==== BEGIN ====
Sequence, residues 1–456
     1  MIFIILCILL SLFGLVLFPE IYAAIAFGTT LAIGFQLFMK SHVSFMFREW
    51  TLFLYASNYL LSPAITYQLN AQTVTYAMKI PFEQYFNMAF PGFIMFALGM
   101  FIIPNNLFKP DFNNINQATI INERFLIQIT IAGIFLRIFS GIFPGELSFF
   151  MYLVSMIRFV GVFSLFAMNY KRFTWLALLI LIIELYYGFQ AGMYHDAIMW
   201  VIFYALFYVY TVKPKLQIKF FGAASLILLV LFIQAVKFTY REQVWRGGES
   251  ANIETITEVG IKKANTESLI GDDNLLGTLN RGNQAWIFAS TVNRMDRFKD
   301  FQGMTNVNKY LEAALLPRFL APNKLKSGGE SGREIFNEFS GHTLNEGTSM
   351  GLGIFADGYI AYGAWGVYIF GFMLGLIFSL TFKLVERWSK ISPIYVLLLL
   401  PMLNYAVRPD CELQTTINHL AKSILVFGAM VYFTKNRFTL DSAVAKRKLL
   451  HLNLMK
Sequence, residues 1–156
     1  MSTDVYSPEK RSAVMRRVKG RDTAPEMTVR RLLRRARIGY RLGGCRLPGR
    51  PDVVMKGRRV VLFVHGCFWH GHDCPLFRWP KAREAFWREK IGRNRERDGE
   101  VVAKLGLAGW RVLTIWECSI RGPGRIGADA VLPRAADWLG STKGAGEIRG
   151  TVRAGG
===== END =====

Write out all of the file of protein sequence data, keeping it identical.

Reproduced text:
Sequence, residues 1–456
     1  MIFIILCILL SLFGLVLFPE IYAAIAFGTT LAIGFQLFMK SHVSFMFREW
    51  TLFLYASNYL LSPAITYQLN AQTVTYAMKI PFEQYFNMAF PGFIMFALGM
   101  FIIPNNLFKP DFNNINQATI INERFLIQIT IAGIFLRIFS GIFPGELSFF
   151  MYLVSMIRFV GVFSLFAMNY KRFTWLALLI LIIELYYGFQ AGMYHDAIMW
   201  VIFYALFYVY TVKPKLQIKF FGAASLILLV LFIQAVKFTY REQVWRGGES
   251  ANIETITEVG IKKANTESLI GDDNLLGTLN RGNQAWIFAS TVNRMDRFKD
   301  FQGMTNVNKY LEAALLPRFL APNKLKSGGE SGREIFNEFS GHTLNEGTSM
   351  GLGIFADGYI AYGAWGVYIF GFMLGLIFSL TFKLVERWSK ISPIYVLLLL
   401  PMLNYAVRPD CELQTTINHL AKSILVFGAM VYFTKNRFTL DSAVAKRKLL
   451  HLNLMK
Sequence, residues 1–156
     1  MSTDVYSPEK RSAVMRRVKG RDTAPEMTVR RLLRRARIGY RLGGCRLPGR
    51  PDVVMKGRRV VLFVHGCFWH GHDCPLFRWP KAREAFWREK IGRNRERDGE
   101  VVAKLGLAGW RVLTIWECSI RGPGRIGADA VLPRAADWLG STKGAGEIRG
   151  TVRAGG